• Inference learning based on the feature map output from layers of pretrained CNNs such as ResNet-50 and VGG-16;
  • Comparative analysis of different CNN architectures and different feature extraction techniques for thermal images-based occupancy detection;
  • Performance of VGG-16 and ResNet-50 in an end-to-end manner using the transfer learning approach for occupancy detection.

3. Materials and Methods

This section presents the overview of the materials and methods for the experiment as shown in Figure 2.

3.1. Thermal Images Dataset

The hardware for this research consists of a PI 160 thermal camera, a temperature and humidity sensor and an Arduino uno micro-controller board. Both sensors interrogated the same space. Figure 3 shows a snapshot of the Optrix PI connect software, Optrix PI connect infrared camera and the temperature and humidity sensor for the experiment. The PI connect software makes it possible to assess the infrared camera.
The PI 160 infrared camera was connected directly to a laboratory computer and the temperature and humidity sensors were interfaced through the Arduino uno which was also connected to the same desktop. The temperature readings obtained from the temperature and humidity sensor was used to calibrate the temperature on the PI160 thermal camera. Thermal images which contain a different number of occupants in the laboratory were captured every minute while they work around a desk. The accuracy and optical resolution of the Optrix PI 160 infrared camera was ±3.5 °F and 160 × 120 pixels, respectively. The data collection was implemented with the Optrix PI connect software while the implementation of models was performed with MATLAB version 2020a and Sklearn Python package. The training of models was performed on a windows platform with an Intel Core i7-8550U CPU @ 1.80 GHz, 1992 MHz, four core(s), eight logical processor(s) and a single GPU. Figure 4 shows a sample thermal image in each of the four categories to provide a clear picture of data collection and how occupants can be distinguished from the background. This experimental setup is a similar set up presented by Acquaah et al. [1]. The number of samples collected is 341. The dataset was divided into 70% training and 30% testing to obtain the general accuracy. The images were saved and grouped to their various classes depending on the number of people in the images (That is one person, two persons, three persons and the background). The background, one person, two persons and three persons classes contained 112, 72, 85 and 72 images, respectively.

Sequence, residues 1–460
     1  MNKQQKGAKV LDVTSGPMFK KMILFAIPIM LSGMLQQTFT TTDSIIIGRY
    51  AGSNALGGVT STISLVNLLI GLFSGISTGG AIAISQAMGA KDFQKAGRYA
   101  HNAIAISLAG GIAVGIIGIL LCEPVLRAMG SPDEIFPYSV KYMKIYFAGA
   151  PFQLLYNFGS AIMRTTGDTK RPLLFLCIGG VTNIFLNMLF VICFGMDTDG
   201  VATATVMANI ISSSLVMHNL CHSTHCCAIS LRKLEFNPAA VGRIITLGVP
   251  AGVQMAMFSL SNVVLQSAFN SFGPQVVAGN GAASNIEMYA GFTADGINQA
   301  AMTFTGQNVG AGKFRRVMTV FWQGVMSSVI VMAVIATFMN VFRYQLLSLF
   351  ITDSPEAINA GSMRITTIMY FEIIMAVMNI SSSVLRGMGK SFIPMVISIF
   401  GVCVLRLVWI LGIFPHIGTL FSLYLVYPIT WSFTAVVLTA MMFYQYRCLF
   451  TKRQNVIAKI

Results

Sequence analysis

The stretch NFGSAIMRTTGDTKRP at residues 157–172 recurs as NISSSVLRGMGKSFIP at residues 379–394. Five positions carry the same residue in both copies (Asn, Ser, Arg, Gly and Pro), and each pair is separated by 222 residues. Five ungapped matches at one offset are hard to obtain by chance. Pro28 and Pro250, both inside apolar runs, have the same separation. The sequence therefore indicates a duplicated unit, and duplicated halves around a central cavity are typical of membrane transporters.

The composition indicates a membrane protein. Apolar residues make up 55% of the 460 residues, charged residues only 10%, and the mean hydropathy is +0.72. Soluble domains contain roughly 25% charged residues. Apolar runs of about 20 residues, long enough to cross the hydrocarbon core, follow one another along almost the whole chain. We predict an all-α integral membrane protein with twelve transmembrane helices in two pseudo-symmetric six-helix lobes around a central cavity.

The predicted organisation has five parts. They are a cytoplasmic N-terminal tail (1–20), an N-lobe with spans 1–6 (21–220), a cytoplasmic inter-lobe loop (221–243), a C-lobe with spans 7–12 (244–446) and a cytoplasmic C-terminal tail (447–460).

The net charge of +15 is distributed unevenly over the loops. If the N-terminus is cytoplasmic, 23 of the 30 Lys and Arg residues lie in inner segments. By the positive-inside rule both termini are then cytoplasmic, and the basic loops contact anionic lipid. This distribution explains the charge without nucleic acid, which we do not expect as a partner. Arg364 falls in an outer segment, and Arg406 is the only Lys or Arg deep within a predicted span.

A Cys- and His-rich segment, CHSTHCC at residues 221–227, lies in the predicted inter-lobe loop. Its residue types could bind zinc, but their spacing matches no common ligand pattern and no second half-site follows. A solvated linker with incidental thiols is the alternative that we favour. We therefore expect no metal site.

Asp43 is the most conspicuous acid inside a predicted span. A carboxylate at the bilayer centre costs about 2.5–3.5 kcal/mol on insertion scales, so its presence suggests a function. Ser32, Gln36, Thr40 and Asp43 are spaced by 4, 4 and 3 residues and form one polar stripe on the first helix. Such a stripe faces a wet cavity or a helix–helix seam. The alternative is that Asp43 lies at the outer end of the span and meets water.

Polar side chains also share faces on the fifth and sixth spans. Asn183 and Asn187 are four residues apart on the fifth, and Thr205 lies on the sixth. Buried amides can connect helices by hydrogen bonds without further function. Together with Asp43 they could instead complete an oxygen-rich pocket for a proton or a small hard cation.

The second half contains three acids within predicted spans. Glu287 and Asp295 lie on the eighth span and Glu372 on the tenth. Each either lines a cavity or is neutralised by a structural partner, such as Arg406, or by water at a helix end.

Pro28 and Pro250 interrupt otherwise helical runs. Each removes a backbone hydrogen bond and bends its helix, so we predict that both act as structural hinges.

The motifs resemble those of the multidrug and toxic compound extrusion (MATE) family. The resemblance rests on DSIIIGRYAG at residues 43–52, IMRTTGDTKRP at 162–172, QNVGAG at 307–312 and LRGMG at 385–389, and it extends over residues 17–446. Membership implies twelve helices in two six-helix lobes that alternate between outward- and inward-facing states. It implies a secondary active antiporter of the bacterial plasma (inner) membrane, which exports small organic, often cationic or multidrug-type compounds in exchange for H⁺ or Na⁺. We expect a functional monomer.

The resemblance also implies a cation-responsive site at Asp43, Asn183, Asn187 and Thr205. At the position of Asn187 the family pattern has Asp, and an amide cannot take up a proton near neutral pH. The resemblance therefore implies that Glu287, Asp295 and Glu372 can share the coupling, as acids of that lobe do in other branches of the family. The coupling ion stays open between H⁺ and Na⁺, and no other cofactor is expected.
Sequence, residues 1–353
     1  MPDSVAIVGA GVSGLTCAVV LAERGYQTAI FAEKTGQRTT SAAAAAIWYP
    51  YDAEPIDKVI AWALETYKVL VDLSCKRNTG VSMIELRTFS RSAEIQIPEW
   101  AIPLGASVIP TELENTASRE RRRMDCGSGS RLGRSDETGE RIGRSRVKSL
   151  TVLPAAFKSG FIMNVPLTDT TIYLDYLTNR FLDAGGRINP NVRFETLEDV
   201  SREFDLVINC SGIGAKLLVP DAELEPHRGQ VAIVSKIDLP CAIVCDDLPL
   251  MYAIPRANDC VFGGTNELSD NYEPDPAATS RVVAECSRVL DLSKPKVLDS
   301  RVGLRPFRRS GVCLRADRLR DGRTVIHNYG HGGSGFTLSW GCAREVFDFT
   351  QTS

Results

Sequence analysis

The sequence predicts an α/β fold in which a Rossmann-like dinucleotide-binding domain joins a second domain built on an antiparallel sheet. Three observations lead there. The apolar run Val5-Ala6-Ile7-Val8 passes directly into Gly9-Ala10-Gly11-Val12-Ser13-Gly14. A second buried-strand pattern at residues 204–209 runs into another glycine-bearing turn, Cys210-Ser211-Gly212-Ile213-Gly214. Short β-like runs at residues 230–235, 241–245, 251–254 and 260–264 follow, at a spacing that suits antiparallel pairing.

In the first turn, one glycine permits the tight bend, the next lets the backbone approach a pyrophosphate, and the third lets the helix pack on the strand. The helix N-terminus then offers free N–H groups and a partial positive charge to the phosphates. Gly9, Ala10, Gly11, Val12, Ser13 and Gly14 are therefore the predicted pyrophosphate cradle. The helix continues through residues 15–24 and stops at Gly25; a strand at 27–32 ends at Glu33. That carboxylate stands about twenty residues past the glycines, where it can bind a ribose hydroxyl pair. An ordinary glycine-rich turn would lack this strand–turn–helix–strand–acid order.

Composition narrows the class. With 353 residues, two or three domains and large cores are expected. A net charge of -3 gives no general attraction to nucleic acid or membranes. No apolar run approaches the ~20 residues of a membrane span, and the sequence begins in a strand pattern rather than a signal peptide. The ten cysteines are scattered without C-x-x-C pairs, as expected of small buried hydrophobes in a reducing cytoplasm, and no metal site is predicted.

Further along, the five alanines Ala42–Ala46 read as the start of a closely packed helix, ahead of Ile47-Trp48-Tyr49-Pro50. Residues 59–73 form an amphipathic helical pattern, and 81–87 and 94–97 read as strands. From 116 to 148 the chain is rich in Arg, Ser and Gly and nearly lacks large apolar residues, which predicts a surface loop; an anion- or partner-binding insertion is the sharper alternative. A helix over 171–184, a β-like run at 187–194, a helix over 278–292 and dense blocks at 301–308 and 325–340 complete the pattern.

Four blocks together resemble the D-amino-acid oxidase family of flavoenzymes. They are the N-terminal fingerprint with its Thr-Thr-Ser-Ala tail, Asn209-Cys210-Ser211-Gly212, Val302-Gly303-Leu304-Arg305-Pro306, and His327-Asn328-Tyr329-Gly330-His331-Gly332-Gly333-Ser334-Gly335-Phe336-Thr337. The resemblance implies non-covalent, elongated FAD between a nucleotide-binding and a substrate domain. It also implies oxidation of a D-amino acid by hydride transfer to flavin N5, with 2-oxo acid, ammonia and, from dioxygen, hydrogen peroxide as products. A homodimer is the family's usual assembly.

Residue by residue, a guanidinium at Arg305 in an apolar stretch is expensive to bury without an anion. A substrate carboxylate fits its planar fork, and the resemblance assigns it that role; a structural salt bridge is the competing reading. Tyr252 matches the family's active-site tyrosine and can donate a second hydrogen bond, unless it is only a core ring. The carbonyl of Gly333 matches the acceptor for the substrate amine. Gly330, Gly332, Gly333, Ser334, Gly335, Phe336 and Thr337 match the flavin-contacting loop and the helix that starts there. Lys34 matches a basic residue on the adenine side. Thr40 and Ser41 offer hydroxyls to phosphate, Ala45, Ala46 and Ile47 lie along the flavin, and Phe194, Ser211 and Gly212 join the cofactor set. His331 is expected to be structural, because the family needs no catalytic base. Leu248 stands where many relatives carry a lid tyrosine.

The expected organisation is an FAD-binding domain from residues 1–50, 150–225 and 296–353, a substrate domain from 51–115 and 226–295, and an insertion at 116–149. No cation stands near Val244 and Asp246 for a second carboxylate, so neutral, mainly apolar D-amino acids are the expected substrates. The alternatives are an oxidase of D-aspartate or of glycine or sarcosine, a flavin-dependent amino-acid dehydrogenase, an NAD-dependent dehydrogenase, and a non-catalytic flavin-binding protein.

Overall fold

3.2. Wavelet Statistics Feature Extraction